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State Rep: Earthquakes, not budget, most important state issue

The 5.1 magnitude earthquake that shook Oklahoma Saturday came as Rep. Richard Morrissette prepares for a public forum on earthquakes.

Related: Strong aftershocks felt Sunday after 5.1 quake, more expected

"Every hour of everyday they're talking about it," Rep. Morrissette said of his constituents.

Morrissette, D-Oklahoma City, wanted to give residents another chance to hear from the experts on the topic. He's hosting the public forum on February 23, at UCO. Among the guests who will speak is activist Erin Brockovich.

"This is absolutely the issue of the moment. I know the budget, every body's swirling around it, but when our homes, business and our lives maybe at stake here, I think that probably takes precedence," he said.

Contrast Morrissette's viewpoint to Gov. Mary Fallin's response when FOX 25 asked why she didn't bring up earthquakes in Oklahoma's State of the State Address.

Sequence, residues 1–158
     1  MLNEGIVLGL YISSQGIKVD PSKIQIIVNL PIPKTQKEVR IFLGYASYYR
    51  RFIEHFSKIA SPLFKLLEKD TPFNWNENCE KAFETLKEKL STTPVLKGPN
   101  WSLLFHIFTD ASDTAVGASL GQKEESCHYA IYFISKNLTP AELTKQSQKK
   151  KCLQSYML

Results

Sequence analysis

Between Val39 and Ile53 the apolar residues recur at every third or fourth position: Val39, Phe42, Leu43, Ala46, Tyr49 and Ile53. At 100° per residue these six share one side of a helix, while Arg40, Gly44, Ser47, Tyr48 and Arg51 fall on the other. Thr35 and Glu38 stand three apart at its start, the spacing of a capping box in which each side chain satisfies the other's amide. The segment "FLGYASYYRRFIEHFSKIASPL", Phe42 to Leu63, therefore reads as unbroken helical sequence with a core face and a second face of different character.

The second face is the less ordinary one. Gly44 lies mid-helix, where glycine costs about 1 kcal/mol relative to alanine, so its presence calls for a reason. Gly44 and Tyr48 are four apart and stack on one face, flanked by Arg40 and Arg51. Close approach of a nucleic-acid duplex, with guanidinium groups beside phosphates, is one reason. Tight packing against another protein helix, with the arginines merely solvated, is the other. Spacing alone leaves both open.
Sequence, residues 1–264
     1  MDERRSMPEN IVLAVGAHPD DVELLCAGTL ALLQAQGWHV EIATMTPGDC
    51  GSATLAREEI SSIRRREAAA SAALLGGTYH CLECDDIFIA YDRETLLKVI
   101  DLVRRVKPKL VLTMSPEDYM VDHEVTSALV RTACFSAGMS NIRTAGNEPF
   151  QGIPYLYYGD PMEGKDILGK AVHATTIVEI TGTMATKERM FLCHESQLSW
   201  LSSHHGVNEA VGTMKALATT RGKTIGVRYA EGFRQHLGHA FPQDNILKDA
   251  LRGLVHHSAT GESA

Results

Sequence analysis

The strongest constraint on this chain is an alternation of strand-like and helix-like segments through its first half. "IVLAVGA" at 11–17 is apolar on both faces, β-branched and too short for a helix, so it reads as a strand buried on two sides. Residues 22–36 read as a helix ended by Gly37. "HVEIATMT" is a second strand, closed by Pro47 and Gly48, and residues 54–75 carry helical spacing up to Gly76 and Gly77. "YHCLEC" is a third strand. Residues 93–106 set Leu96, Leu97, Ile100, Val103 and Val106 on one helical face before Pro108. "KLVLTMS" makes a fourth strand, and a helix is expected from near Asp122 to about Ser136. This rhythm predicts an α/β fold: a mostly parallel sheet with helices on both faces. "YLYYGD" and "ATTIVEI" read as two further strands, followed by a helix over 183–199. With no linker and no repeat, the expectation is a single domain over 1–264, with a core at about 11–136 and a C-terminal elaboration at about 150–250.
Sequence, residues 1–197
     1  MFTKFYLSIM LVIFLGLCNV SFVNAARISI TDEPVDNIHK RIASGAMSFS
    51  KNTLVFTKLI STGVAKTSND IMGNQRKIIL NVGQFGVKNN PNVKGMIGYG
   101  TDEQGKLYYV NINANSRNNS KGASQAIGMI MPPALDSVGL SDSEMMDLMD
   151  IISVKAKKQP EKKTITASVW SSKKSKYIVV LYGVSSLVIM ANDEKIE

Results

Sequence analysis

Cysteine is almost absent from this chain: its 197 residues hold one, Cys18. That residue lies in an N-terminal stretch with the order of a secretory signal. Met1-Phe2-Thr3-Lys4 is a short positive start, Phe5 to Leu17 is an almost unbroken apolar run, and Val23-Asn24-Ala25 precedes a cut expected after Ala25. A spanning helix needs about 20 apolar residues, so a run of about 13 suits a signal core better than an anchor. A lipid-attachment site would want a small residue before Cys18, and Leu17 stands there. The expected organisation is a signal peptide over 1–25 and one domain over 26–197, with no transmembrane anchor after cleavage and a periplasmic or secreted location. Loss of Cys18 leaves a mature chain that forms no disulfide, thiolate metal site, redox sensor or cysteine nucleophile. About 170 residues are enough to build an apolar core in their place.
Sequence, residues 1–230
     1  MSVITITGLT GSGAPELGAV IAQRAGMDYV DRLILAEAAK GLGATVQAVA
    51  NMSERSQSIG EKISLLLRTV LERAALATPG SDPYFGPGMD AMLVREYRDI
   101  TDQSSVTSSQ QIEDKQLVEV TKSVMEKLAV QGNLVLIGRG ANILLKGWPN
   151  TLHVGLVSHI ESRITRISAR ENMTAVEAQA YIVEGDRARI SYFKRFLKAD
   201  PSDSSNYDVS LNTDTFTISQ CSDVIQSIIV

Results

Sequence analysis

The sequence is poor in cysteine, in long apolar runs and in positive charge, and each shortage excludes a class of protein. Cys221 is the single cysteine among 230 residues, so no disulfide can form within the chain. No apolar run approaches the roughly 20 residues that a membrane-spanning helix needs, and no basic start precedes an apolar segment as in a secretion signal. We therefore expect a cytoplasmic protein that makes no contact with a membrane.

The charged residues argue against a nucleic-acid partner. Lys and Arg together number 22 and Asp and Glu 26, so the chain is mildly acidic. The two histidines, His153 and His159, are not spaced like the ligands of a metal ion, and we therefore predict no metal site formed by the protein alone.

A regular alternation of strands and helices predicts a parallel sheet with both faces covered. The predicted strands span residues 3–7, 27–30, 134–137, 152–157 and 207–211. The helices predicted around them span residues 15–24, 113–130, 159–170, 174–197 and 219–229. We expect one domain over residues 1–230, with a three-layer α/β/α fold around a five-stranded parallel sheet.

"I didn't put earthquakes in there because I wanted the budget and our challenges as a state and how we're going to overcome this to be our biggest topic of discussion," she said but added "I also felt like earthquakes were so important that I had a stand-alone press event the week before my State of the State because it is an issue that concern families, with their homes, their largest investment, for the most part."

In that press conference Gov. Fallin announced $1.4 million from the state's emergency funds would be allocated to the Corporation Commission. The agency regulates energy activity. The money is supposed to go to hiring geologists, improving computer systems and better monitoring injection wells.

Morrissette doesn't think the state is or will be doing enough, at least so far.

"I don't believe anything's going to happen [this session]. This is an election year and many of the politicians owe their political lifeblood to those political contributions that come from the industry," he said.

The industry he referred to is oil and natural gas. Energy activity, namely wastewater injection, has been scientifically linked to earthquakes. Most of Oklahoma's have been deemed manmade.

Saturday's earthquake was the third largest ever recorded in Oklahoma. It only falls behind the record 5.6 magnitude earthquake in Prague in 2011 and a 5.5 magnitude recorded in Yukon in 1952.

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